The Letter to My 10-year-old Daughter That Changed Our Relationship
07 Aug 2015
A few months ago, I was at my wits’ end with my daughter who just happens to be a smidgen more stubborn than I am. We butt heads often because we’re so much alike. But I also understand that it has a great deal to do with the environment that our children are growing up in, which is so much different than the one many of us were raised in by our own parents. Disrespect? What was that? Talking back? Oooo, you knew you weren’t sitting for a few days.
But these days, we have to find ways to balance good parenting with competing influences from the rest of the world—not to mention our own children’s personalities. I have had to come up with creative ways of disciplining my daughter (i.e. making her squat 50 times while picking up and dropping her clothes back on the floor to get her to stop throwing her cloths on the floor. Unh-uh, I pay too much money for those clothes!). I’ve also had to find ways to remind her that I want our relationship to be more than just about ongoing lectures and consequences for bad behavior.
One week was particularly bad and I got to a point where I was just tired. And I know she was too. It felt like every five minutes, I was lecturing her about something she did or didn’t do. And then I had to stop and take a breath. I remembered that she is about to enter some of her most formative years and I didn’t want this constant lecturing and disciplining to be all she knew me for. I didn’t want to it block the flow of our communication down the road. And so I did what I knew to be really important. I wrote her a letter about everything I thought was brilliant about her…
I am writing this to let you know that despite how it may sometimes seem, there are many things that are wonderful about you. I am blessed to have you as my daughter and am in awe as I watch you grow into a young lady. So even when I get frustrated and angry with you, it doesn’t change the fact that I love you with all my heart. I hope things begin to improve so that there are fewer reasons for me to be frustrated, but in the meantime, I want you to know what I think is really wonderful about you. Hold on to this letter and read it anytime you feel sad, angry or like you can’t do anything right. We all sometimes feel like that, but it’s usually up to us to do something about it.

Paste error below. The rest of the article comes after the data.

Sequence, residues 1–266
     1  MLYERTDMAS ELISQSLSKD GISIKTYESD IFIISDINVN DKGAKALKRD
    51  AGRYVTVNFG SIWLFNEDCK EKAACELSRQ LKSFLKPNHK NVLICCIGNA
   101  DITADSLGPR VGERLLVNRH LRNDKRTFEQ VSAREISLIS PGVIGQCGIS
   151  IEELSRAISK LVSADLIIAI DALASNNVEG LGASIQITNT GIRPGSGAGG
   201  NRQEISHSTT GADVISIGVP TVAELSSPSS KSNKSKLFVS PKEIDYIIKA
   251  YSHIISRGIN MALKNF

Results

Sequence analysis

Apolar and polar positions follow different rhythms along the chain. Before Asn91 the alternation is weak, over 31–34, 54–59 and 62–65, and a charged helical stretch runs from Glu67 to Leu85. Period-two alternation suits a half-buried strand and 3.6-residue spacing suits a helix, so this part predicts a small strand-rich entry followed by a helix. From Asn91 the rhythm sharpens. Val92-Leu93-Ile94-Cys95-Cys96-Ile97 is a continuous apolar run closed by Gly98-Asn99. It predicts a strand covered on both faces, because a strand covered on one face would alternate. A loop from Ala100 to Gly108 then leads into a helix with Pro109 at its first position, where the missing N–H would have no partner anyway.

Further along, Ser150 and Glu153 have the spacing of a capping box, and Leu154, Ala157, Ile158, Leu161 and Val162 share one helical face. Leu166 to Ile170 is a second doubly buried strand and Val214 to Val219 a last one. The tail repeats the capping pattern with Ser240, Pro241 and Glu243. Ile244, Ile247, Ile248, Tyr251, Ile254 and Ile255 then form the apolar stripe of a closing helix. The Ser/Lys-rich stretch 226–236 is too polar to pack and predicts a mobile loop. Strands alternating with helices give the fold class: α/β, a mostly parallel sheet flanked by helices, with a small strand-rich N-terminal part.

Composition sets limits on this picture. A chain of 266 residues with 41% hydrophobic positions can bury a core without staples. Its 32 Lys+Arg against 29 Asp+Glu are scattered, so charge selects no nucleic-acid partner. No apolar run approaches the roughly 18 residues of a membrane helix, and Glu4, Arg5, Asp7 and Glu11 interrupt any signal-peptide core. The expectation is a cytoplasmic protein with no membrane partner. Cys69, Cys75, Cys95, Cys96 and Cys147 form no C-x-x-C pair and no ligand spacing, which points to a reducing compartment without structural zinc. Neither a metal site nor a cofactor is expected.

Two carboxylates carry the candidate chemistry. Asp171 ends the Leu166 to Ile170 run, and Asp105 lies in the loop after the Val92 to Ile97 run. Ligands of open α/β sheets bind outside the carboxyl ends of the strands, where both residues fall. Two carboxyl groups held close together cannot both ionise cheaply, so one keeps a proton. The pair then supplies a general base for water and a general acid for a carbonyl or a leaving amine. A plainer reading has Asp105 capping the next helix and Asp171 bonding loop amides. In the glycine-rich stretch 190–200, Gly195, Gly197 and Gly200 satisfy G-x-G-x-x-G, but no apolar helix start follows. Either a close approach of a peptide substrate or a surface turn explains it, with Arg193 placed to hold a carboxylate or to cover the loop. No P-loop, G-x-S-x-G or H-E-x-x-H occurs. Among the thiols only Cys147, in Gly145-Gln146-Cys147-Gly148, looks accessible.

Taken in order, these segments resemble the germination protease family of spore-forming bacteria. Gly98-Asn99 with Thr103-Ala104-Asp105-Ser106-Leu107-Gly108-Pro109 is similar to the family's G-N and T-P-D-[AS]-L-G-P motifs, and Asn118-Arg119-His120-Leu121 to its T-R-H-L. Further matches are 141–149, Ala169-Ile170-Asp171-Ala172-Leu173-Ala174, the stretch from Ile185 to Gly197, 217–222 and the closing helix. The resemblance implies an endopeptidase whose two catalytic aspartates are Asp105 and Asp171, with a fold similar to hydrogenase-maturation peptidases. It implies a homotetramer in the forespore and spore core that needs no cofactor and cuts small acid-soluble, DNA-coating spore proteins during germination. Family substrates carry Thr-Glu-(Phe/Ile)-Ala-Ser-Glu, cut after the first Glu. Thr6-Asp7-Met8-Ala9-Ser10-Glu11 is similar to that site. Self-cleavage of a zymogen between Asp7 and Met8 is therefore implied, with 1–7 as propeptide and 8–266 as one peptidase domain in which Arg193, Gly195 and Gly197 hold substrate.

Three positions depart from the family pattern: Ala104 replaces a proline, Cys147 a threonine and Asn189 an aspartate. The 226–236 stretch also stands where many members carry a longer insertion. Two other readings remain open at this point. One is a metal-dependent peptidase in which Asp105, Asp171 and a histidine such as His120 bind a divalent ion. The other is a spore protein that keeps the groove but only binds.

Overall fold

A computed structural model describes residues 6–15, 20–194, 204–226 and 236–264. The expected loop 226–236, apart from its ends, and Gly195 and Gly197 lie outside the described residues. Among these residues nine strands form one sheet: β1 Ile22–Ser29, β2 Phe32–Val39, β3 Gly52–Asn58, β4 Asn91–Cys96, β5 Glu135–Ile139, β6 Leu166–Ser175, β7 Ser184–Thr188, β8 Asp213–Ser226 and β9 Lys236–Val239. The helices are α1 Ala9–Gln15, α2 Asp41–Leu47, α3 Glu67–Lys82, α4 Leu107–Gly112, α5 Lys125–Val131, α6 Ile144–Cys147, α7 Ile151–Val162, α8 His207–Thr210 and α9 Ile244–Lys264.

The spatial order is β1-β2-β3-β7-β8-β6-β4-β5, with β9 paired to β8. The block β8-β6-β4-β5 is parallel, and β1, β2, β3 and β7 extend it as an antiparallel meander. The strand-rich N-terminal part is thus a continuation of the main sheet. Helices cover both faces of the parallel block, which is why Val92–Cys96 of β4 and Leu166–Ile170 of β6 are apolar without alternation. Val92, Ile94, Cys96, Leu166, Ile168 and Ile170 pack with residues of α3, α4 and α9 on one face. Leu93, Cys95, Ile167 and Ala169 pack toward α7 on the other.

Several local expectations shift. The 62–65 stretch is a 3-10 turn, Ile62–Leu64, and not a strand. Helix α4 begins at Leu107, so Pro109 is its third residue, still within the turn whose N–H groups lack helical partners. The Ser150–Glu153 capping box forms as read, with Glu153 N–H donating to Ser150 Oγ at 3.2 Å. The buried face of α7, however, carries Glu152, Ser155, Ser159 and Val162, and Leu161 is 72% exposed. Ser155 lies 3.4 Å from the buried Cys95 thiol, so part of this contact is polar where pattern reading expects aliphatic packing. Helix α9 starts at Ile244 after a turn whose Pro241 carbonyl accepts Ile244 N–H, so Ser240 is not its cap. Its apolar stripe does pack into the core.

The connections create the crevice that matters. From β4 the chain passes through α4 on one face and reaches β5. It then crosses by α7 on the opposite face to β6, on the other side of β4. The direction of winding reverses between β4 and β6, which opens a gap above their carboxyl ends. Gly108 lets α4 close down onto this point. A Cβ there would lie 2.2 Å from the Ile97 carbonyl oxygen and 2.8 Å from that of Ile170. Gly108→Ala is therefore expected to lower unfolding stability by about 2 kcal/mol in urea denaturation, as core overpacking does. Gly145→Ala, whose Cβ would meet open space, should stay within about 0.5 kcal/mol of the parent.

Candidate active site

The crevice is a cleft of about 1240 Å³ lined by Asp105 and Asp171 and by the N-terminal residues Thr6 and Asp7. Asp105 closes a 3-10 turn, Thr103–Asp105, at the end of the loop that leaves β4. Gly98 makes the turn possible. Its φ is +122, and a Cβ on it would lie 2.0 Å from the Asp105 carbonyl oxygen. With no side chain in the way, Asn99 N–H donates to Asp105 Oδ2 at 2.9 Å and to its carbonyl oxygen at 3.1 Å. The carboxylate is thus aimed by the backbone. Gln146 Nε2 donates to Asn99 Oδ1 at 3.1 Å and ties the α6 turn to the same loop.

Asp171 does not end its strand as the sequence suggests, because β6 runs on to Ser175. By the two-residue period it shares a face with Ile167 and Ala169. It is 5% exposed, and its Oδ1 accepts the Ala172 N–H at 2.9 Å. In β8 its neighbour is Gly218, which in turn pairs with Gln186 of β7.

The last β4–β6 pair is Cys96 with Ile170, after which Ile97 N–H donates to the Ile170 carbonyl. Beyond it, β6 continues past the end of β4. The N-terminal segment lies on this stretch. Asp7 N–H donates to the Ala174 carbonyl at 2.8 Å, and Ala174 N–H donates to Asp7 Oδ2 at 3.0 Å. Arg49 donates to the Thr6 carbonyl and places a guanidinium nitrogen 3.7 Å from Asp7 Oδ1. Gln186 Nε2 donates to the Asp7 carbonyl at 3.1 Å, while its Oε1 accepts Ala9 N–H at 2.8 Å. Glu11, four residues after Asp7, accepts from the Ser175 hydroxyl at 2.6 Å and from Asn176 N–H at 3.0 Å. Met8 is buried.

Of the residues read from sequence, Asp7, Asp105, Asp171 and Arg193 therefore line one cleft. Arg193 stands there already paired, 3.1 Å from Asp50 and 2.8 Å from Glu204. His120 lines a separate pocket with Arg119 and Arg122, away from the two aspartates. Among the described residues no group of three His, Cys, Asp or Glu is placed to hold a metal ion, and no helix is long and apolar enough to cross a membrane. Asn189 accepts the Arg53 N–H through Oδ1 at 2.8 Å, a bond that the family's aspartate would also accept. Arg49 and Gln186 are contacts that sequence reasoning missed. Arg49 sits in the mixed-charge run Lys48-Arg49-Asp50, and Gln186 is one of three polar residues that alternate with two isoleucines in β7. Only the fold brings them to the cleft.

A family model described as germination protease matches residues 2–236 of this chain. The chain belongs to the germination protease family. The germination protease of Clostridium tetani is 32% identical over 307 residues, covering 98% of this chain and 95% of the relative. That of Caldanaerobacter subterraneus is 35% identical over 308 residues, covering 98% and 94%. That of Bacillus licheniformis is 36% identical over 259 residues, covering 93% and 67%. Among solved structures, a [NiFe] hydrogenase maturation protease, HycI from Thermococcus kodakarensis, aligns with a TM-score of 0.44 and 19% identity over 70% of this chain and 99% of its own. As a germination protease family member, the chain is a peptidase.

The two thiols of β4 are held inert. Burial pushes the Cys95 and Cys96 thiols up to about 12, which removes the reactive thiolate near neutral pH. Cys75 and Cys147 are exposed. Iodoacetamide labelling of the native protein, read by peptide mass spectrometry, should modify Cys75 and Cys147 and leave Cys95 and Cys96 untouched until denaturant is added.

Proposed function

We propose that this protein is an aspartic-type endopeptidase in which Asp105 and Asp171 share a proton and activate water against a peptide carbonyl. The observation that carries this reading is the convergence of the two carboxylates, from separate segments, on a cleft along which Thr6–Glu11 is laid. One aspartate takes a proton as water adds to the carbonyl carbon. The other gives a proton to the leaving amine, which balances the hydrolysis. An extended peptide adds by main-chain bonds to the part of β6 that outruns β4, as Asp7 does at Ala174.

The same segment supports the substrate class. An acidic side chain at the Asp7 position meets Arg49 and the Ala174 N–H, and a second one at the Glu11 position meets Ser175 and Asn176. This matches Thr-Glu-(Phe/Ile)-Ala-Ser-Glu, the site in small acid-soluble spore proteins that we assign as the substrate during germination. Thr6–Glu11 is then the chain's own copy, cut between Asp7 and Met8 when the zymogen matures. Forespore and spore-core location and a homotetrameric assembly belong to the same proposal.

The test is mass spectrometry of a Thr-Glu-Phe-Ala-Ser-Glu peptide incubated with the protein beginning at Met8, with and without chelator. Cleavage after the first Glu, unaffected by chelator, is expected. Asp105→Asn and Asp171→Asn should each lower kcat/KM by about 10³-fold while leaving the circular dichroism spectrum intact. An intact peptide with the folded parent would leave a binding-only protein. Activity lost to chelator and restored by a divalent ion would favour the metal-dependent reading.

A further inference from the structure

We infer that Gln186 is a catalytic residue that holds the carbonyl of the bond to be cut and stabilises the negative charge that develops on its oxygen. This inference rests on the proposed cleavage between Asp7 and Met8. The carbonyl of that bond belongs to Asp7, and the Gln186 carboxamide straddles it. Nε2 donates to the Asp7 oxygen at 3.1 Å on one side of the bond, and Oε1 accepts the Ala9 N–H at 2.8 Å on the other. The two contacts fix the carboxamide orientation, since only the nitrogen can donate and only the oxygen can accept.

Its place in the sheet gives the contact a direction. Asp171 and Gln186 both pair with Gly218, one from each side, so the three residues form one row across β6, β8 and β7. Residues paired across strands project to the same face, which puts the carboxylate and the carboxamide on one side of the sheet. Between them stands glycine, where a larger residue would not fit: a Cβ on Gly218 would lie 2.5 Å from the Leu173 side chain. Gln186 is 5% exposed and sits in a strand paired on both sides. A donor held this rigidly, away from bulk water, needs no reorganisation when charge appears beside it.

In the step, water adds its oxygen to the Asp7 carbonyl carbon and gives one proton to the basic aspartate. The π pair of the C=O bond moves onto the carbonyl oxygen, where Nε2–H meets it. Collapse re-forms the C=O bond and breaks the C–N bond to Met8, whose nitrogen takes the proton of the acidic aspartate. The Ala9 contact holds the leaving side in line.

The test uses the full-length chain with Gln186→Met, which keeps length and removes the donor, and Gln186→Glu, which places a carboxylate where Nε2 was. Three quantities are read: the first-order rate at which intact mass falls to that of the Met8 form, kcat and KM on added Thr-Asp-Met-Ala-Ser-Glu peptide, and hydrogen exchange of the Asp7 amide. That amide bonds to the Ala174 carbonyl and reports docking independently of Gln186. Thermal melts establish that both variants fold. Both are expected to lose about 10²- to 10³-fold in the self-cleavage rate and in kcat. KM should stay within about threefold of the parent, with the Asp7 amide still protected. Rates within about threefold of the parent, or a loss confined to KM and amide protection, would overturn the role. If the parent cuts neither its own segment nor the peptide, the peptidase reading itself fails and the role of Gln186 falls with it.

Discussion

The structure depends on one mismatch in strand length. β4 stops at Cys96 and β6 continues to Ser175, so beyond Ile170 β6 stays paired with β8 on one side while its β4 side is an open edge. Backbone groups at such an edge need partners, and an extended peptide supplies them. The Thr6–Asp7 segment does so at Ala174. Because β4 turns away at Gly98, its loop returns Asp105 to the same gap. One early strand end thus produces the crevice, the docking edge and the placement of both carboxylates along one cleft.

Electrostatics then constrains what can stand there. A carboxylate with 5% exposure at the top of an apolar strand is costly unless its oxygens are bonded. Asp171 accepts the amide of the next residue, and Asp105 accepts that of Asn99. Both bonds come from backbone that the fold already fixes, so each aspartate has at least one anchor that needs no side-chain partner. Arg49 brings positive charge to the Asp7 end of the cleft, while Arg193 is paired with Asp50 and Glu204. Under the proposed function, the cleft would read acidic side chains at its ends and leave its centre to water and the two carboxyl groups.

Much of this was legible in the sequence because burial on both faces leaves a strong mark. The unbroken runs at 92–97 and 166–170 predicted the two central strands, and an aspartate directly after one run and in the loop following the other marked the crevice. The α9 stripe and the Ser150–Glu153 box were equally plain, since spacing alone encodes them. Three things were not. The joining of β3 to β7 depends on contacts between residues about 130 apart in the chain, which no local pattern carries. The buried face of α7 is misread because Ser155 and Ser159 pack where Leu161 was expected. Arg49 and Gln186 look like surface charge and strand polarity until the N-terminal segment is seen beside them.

What I think is wonderful about YOU:
1. Your joyful laugh.
2. Your determination to teach yourself new things.
3. Your thirst for knowledge and your ability to retain it.
4. Your fearlessness.
5. Your creativity.
6. Your (corny) sense of humor.
7. The way you take care of your siblings.
8. Your commitment to doing well in school.
9. Your hospitality.
10. Your smile that lights up your face.
11. Your gift for art and culture.
12. Your singing (sometimes J)
13. Your ability to remind me to have fun.
14. The way you can make friends and carry on a conversation with anyone.
15. Your cooking (errr…sometimes).
16. Your silliness.
17. Your writing (stories).
18. Your handwriting (when it’s neat).
19. The way you teach me how to use my phone.
20. Your ability to make and sell whatever you put your mind to.
21. How you tell me about your day and your friends.
22. Your LOVE.
I pray everyday that God continues to protect you and guide you as you become older and more independent. Always put Him first, and you will succeed in all you do.
There’s something to be said for positive reinforcement. Ever since I gave her this letter, I’ve noticed greater effort from her part to do her part and become less disobedient. Things are not perfect, nor will they ever be—but, I can definitely say that this letter has improved our relationship for the better. In fact, when I asked her her permission to use this letter in my blog post, she told me that she carries it in her backpack every day. I had no idea. Don’t ever take for-granted how much your children need to hear your praise and make sure you find something positive to recognize them for on a regular basis. It will change your relationship.
How do you keep the flow of communication open with your children?